Just a quick note that this is by design and no you don’t need to use it.
What are we talking about ?
Books online talks about granting assembly permissions. You used to do
GRANT execute on ASSEMBLY :: <assembly_name> to <database_principal > with SQL Server 2005
Your database holds your assemblies and as such you could grant / revoke limited set of permissions. We initially allowed you to grant execute permission on the assembly but now when you execute the same on a server with the SP2 service pack, you get the following :
Msg 102, Level 15, State 1, Line 0
Incorrect syntax near ‘EXECUTE…’.
Why did this change ?
Execute permission gave a false sense of security and was really inappropriate. Here’s why:
As we shipped SQL Server 2005, this permission set was supported in TSQL but never enforced. So you could say “deny execute on assembly” but nothing happened. With this fix to revert the support from TSQL, you will not be misled anymore and we wanted to get this fix to you in a service pack of the same product that introduced you this immensely easy way of expressing your logic in assemblies. Going forward, with database upgrades to next release, any lingering assemblies that display this permission will be automatically corrected. And so you don’t have to worry about a thing.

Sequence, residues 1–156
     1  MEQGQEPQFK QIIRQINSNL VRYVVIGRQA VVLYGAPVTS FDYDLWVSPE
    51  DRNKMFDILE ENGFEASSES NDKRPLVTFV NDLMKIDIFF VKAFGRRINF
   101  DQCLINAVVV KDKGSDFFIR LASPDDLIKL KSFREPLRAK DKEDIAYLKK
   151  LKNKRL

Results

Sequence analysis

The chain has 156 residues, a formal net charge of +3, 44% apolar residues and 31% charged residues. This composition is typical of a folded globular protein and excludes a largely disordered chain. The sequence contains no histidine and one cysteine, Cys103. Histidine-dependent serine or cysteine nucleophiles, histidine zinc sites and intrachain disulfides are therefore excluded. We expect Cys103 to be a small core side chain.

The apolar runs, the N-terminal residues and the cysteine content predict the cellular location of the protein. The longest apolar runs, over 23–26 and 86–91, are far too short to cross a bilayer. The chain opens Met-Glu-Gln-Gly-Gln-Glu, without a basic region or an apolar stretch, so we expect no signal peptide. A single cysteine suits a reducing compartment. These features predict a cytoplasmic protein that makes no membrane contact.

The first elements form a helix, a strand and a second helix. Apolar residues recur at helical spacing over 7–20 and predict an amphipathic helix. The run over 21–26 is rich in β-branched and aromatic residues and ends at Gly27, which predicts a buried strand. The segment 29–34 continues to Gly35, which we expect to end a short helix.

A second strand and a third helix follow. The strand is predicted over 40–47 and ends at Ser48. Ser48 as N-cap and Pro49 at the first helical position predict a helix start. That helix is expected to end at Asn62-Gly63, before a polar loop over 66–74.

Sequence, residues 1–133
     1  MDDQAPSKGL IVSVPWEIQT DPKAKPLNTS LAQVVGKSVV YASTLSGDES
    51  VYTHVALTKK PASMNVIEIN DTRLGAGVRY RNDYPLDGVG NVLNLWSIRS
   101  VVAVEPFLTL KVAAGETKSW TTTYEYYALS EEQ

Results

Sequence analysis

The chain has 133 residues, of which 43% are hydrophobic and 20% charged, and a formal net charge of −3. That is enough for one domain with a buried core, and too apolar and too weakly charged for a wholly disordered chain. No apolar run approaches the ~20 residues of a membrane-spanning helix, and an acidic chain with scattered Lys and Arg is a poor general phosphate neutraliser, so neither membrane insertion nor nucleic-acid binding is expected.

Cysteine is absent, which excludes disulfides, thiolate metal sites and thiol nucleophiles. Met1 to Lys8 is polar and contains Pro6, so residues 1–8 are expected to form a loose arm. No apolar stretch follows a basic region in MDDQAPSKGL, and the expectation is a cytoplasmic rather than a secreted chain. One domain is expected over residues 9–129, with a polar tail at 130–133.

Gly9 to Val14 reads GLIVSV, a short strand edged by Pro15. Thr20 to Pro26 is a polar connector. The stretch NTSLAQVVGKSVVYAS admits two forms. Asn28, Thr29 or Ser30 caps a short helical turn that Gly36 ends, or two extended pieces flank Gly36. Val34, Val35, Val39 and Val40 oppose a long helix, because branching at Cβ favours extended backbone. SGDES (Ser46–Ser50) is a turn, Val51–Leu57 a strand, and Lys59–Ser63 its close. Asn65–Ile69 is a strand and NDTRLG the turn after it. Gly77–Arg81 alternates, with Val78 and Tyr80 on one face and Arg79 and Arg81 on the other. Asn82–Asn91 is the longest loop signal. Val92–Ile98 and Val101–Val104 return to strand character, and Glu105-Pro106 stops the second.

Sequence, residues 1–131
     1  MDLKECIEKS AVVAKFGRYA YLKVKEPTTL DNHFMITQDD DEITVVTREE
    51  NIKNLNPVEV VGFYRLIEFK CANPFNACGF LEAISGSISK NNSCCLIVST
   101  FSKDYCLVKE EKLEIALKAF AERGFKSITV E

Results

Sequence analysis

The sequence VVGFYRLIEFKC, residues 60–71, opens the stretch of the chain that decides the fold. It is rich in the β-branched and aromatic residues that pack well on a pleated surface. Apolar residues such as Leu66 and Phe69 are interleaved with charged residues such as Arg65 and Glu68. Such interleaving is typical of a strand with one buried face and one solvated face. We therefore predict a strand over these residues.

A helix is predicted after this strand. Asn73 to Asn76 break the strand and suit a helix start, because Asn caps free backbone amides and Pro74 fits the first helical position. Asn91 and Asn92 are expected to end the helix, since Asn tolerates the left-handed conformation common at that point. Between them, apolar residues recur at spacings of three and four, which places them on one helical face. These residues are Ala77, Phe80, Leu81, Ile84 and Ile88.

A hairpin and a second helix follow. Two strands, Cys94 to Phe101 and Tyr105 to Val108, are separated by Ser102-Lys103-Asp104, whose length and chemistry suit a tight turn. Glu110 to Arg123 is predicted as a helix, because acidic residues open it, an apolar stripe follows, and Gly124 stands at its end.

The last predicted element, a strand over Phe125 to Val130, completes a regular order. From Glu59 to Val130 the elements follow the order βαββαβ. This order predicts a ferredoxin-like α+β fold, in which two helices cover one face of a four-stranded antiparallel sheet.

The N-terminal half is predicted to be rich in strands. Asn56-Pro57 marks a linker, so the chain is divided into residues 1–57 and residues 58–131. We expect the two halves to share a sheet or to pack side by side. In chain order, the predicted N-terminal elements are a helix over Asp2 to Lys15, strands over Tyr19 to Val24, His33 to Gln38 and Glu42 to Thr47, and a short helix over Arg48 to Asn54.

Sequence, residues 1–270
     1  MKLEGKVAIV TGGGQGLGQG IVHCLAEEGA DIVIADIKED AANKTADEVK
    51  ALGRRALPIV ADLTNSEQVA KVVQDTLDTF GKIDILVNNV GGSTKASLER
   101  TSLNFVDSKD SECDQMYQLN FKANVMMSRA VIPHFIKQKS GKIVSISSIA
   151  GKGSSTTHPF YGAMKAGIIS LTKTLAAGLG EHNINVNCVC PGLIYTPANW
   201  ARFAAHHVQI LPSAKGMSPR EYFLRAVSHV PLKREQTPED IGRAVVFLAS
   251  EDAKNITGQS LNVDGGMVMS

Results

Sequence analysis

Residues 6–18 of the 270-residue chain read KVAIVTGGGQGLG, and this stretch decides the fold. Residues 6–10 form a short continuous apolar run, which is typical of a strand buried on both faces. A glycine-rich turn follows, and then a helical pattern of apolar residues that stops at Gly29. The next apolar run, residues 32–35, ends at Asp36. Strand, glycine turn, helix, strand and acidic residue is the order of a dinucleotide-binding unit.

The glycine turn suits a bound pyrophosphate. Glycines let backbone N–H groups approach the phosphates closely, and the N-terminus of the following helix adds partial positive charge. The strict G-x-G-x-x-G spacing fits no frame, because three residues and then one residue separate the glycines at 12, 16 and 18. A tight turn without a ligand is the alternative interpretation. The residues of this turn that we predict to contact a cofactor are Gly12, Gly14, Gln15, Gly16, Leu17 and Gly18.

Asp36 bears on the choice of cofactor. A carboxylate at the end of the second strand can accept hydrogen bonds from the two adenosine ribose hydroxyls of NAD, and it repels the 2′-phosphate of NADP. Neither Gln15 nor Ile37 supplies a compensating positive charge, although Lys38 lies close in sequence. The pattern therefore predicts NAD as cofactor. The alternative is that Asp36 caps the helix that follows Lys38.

So how can i secure assemblies registered to the server ?
The assembly is really a container for types, objects etc which are independently permissible. The assembly itself can be marked safe, external_access and unsafe. In addition, you can use the ‘trustworthy’ property of the database for similar effect. For a complete list with description of our security model, please refer CLR Integration security in Books Online.